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Better than stashing money underneath a mattress and hoping your house doesn’t burn down, banks offer consumers a way of protecting their financial assets in addition to a bevy of other services, from credit cards to mortgages and even investment portfolio management. However, while this sounds nice, it’s not always a great relationship between the bank and client.

Complaints against leading lending financial products and institutions are recorded in the Consumer Financial Protection Bureau’s database. We examined these complaints against the six most common banking services to understand what’s being logged and the issues most dealt with. Continue reading to see the financial services that are doing their best for their customers, as well as those that may be leaving more headaches than deserved.

Most Reviews Are Getting Worse

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For five out of the six financial solutions, 2016 represented the majority of consumer complaints logged against their banking products. Almost 36 percent of the complaints recorded against student loans and credit reporting occurred in 2016, the highest for any product.

With a total estimated $1.4 trillion in student debt, the average U.S. graduate owes over $37,000 – a six percent increase from the year prior. The cost of higher education in the U.S. has long been under criticism compared to other countries, and reduced accountability for loan issuers has left many borrowers exposed to the tremendous debt that meets them as they leave college and prepare for the real world.

Mortgages saw a slightly lower percentage of complaints from 2015 to 2016 (around 19 percent). In 2016, fixed mortgage rates fell to match an all-time low. For new homebuyers, these rates can help them invest in their property rather than renting, and for existing homeowners, it may offer the opportunity to refinance existing loans to more manageable rates.

Make Your Problems at Home

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Mortgages accounted for over 30 percent of the 722,684 complaints filed. Yes, the most complaints came from what is often considered a person’s largest purchase: a home. It could be that some banks have recognized this kind of loan may not be good for business.

In a memo to shareholders, JPMorgan CEO Jamie Dimon outlined that mortgages are offered as a benefit to customers, not because it’s a sound investment for the bank. The bank also reduced its number of mortgage offerings from 37 to 15, admitting that FHA – Federal Housing Administration – lending is too costly.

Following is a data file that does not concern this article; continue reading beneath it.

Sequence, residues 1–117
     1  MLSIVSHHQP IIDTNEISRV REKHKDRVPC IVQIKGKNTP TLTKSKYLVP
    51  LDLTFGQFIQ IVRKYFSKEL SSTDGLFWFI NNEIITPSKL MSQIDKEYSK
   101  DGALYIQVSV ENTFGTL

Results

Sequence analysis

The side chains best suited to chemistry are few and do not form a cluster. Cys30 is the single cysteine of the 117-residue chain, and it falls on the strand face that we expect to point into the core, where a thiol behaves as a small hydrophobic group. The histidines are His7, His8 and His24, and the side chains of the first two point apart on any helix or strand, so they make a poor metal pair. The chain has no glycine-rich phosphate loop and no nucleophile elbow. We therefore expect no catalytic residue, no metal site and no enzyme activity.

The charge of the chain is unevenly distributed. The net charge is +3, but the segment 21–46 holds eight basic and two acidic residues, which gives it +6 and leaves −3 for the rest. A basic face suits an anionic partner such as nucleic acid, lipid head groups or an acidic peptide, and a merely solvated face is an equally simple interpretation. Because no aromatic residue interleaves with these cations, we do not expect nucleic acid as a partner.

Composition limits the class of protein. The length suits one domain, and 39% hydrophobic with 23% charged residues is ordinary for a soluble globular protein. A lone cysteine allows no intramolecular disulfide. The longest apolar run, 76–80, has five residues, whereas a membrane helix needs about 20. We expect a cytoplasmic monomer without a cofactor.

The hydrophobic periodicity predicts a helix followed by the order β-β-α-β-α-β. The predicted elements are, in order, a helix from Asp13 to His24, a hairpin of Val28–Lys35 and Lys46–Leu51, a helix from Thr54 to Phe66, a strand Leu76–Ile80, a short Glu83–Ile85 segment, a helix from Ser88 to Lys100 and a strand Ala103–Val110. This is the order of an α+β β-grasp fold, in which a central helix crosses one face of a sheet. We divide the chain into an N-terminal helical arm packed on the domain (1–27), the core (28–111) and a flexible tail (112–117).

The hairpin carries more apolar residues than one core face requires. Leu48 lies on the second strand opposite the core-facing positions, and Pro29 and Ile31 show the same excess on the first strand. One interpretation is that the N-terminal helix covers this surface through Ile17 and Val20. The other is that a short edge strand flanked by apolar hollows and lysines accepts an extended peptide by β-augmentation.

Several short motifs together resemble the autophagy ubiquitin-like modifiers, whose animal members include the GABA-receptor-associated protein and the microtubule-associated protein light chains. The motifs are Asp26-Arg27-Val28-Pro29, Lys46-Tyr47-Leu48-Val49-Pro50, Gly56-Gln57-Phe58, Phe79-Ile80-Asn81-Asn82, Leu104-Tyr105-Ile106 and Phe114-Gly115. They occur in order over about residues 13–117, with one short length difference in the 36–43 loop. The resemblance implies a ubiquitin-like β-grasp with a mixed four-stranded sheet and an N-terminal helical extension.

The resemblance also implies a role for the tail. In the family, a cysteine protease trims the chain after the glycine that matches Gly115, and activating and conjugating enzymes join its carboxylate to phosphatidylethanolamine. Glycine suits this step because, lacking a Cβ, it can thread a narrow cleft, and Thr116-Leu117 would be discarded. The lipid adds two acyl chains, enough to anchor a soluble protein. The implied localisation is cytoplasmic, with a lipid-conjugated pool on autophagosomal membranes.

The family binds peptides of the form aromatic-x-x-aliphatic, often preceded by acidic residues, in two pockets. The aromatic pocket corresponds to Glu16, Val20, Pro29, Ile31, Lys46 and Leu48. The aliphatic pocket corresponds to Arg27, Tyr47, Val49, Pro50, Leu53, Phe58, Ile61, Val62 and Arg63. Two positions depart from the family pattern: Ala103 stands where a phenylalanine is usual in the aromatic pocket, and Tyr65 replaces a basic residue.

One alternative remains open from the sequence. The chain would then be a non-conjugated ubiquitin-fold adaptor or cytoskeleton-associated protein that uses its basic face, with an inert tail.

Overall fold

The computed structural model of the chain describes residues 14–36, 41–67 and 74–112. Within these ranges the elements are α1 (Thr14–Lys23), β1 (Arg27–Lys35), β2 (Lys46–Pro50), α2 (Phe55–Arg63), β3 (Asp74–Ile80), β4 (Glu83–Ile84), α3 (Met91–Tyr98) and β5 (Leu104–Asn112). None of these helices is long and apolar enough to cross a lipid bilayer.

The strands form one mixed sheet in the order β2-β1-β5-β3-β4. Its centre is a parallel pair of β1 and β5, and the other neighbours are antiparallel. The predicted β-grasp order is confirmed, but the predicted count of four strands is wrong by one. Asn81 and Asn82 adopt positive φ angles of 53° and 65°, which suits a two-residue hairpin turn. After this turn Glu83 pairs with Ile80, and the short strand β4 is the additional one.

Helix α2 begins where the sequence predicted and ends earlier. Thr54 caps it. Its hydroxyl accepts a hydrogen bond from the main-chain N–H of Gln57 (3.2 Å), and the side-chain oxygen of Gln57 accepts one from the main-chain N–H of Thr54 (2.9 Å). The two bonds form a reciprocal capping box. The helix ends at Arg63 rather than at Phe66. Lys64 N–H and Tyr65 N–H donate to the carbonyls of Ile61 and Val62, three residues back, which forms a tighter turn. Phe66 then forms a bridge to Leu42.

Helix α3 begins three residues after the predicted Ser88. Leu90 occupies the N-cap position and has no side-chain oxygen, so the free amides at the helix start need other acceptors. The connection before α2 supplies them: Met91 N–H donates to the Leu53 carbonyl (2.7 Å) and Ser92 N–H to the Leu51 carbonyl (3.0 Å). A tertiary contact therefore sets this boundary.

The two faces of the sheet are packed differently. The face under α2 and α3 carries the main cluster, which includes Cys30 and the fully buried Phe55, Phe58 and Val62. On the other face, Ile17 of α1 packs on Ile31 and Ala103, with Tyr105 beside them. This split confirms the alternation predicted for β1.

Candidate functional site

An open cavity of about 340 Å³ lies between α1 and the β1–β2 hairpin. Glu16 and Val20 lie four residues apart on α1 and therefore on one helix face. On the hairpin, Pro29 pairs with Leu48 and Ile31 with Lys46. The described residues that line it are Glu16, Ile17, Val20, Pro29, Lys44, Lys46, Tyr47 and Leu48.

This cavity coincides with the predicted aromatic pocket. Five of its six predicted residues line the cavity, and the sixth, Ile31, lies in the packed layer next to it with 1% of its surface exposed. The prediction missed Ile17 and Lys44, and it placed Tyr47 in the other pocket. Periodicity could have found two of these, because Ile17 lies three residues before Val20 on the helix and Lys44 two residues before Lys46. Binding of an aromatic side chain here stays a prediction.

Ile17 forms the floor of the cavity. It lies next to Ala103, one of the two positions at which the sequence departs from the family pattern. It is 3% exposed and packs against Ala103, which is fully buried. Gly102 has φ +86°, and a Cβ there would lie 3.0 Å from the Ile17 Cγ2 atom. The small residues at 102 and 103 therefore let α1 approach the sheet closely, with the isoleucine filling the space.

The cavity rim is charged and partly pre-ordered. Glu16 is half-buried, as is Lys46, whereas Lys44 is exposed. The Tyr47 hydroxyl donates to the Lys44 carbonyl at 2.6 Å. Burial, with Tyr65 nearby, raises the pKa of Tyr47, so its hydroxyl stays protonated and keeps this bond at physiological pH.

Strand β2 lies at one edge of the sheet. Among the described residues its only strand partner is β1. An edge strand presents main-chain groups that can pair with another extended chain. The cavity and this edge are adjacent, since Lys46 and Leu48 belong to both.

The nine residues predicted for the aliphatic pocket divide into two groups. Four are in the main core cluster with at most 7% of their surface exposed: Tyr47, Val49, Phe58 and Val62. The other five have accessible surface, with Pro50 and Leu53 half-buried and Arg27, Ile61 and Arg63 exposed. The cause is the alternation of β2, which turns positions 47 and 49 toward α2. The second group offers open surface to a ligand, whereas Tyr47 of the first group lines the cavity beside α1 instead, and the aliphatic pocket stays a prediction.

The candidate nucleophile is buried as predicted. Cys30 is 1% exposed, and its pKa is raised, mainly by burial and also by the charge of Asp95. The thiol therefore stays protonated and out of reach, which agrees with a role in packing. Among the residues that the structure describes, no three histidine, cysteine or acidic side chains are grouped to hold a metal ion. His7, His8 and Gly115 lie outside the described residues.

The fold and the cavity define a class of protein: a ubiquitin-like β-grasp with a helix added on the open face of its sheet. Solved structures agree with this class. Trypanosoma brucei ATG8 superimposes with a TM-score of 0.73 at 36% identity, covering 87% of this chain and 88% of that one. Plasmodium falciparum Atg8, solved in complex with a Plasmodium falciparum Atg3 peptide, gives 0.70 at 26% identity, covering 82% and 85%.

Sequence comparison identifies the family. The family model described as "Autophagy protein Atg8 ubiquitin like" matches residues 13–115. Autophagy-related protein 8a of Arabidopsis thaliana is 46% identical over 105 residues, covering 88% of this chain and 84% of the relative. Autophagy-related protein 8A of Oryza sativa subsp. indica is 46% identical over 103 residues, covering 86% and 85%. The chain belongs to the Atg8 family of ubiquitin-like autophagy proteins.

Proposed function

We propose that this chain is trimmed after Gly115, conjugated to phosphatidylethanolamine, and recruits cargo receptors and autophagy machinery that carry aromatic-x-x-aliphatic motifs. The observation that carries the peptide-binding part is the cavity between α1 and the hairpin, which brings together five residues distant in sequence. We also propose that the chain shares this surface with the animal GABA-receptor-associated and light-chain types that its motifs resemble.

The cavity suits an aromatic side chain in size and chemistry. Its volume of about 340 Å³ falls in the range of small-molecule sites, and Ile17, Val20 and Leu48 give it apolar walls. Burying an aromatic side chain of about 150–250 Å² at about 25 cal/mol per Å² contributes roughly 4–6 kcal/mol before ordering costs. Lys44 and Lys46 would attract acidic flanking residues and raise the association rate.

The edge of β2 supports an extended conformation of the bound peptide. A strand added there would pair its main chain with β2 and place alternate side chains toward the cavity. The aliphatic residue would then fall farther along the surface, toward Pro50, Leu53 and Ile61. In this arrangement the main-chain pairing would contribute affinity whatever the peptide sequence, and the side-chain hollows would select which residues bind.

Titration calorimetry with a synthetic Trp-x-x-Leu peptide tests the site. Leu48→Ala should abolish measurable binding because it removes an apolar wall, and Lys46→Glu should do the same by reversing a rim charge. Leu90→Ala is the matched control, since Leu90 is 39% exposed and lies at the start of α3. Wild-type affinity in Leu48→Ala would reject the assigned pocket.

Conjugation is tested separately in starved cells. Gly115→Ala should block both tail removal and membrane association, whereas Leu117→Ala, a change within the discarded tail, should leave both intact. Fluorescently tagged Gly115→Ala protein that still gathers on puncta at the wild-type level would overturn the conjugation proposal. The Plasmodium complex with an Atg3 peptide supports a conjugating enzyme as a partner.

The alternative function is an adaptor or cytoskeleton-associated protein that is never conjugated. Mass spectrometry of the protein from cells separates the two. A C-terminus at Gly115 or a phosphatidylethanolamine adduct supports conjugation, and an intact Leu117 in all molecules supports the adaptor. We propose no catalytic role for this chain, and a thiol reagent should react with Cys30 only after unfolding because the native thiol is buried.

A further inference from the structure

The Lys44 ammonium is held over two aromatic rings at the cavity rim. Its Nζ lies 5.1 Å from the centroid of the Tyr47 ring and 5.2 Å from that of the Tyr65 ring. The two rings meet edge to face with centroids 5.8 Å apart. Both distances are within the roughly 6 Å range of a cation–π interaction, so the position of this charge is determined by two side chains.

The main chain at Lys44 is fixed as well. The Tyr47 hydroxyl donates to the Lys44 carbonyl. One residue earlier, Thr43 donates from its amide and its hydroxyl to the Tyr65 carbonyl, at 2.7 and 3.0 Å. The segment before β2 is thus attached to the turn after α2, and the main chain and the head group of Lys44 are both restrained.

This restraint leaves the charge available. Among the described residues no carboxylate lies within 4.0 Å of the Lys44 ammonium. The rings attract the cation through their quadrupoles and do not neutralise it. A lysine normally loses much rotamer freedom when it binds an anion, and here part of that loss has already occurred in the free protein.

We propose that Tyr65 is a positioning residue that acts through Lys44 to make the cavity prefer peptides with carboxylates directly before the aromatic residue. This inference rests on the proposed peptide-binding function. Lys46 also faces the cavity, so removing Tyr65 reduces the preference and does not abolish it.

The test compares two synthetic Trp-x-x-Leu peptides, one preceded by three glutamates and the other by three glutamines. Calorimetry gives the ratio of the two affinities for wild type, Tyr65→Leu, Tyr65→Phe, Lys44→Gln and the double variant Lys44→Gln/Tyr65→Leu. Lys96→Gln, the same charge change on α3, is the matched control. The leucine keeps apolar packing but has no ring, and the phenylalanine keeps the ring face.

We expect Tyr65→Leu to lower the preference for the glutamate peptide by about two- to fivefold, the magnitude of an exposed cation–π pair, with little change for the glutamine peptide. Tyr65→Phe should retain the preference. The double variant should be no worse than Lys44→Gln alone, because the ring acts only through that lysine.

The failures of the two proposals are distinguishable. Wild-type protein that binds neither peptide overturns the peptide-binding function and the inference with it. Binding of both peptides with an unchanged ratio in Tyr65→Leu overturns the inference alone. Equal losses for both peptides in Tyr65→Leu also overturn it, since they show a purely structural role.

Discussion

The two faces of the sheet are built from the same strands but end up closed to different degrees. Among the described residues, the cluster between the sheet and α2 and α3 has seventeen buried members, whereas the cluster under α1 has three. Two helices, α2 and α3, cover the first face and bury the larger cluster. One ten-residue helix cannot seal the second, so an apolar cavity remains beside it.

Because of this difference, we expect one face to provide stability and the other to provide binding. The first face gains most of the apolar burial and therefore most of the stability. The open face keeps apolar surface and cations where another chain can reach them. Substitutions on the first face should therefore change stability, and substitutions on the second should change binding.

These loans represent many people who are purchasing their first home and are emotionally tied to the approval process. Perhaps this is why it’s also the biggest point of contention between banks and customers.

Money Talks

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As customers lodge complaints with the Consumer Financial Protection Bureau, banks are often tasked with responding to each concern. Across all types of product and service concerns – ranging from mortgages to debt collection and student loans – over 50 percent were “closed with explanation.”

When banks are willing to admit problems, there are a few other default responses. “Closed with relief,” “closed with monetary relief,” or “closed with non-monetary relief” are tags lenders use to show some care for legitimate claims issued by customers.

Close to 30 percent of credit reporting complaints were resolved with a non-monetary solution, which may involve the bank making amends to inaccurately reported information.

Ways to Connect With Your Bank

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As banks continue to focus on new customer acquisition, communication is crucial to enhancing customer engagement that helps create loyalty between financial institutions and their customers.

Due to the ever-growing integration of technology with daily life, some banks have even expanded their online chat options to include social media interactions like Facebook. While online correspondence was the among the most common feedback methods, it was also among the least likely to result in timely responses, according to their customers.

Of people who communicated with their banks via referral, nearly 98 percent received timely responses from those connections. Nearly 97 percent of complaints relayed over the phone received a timely response, while over 98 percent of customers had a quick turnaround for their issues sent by postal mail.

State of Bank Headaches

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Delaware, with a state motto of “Liberty and Independence,” echoed these desires with almost 390 complaints against financial institutions per 100,000 residents.

Florida, Georgia, Maryland, New Jersey, and Nevada all exceeded 300 complaints per 100,000 residents.

Quest for the Perfect Bank

The six most popular banking products in America are not perfect. Nearly all saw more complaints in 2016 than any other year since 2012. In a quest for higher profits, many have looked to acquire other banks and reduce or limit services to meet their investors’ needs.

If you’re concerned you’re being treated unfairly, please partner with Consumer Protect. We are keenly aware of the scams and tricks lenders play to pocket your money, and we don’t want anyone getting caught in their traps.

Methodology

We tapped into the Consumer Financial Protection Bureau’s database of complaints against financial institutions to determine the different reasons people complain about their banks. We looked at the top 10 U.S. banks with the most branches for a more granular look at complaints per branch.

Sources

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